A novel study from the University of Cincinnati and the Cincinnati Department of Veterans Affairs Medical Center confirms that some patients with HIV may possibly experience a better quality of life after their diagnosis.
For the purpose of the study, the authors were believed to have conducted two sets of interviews and completed chart reviews of 347 HIV outpatients from three U.S. cities between the years 2002 to 2004. Further, they were noted to have examined demographic and clinical characteristics of patients, HIV-specific health status, symptoms, health concerns, spirituality or religion, social support, self-perception and levels of optimism.
It was estimated that nearly 1.1 million Americans are infected with HIV. Considerable increases in life expectancy for people with HIV appeared to have sharpened the focus on their quality of life. Numerous studies are believed to have studied quality of life in patients with HIV. However, very little information seems to be accessible comparing quality of life with HIV against quality of life before being diagnosed.
“In two interviews, conducted a year to 18 months apart, patients compared their current life with life before being diagnosed with HIV. We found that many patients said their life is better than it was before their diagnosis, although results of such comparisons often change over time,” says lead author of the study, Joel Tsevat, a physician and a scientist in the department of internal medicine.
The findings after the first interview showed that approximately 109 patients i.e. 31 percent said that their lives seemed to have improved after diagnosis. In addition, nearly 98 i.e. 28 percent said that their lives appeared to have been worse, and the remainder, about 140 patients said their lives were about the same or that they were unsure.
After the second interview, nearly one-fifth of patients were observed to have changed their answers to signify life improvement after diagnosis. Moreover, approximately one-sixth apparently changed their answers to reflect a feeling of life deterioration.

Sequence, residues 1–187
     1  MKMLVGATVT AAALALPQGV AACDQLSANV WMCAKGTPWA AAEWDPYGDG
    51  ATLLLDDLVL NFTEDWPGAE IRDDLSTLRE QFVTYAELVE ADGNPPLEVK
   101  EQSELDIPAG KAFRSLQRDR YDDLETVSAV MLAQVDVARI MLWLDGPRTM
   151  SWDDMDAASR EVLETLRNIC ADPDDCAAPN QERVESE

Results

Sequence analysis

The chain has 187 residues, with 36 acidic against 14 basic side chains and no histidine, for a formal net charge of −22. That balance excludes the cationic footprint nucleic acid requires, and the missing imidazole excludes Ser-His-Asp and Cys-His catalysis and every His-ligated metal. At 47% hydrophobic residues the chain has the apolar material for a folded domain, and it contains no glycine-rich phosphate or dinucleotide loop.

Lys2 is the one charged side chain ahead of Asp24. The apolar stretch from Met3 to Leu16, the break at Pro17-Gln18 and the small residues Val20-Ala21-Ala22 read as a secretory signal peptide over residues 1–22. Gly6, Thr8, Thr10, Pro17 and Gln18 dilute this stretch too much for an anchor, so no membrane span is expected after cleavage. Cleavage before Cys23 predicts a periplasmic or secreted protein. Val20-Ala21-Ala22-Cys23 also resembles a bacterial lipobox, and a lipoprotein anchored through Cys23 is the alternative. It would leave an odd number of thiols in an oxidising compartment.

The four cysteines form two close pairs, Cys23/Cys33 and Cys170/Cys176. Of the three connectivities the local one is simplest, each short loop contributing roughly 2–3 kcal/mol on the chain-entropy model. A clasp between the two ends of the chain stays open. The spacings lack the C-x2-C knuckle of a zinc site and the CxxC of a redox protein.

Tsevat further said that, “To see that patients not only cope and adapt to such a serious illness but can actually reach a point where they believe that life is better than before being diagnosed with HIV offers hope for numerous people infected with a virus that once meant only suffering and death. Future work should explore whether interventions can improve quality of life among those with a less favorable view of life with HIV.”
Additionally, change in perception for the better is known to be positively associated with religious coping. Whereas change in perception for the worse may be associated with factors such as the study site, sexual orientation, shorter duration of HIV, lower levels of spirituality and lower positive religious coping scores.
Supposedly, the two main factors associated with the feeling that life has improved, relative to pre-diagnosis were optimism and spirituality. However, the authors were of the opinion that added studies could perhaps be required in order to look further into these factors and how they relate to HIV and other chronic illnesses.
The findings of the study have been published in the journal, AIDS Patient Care and STDs.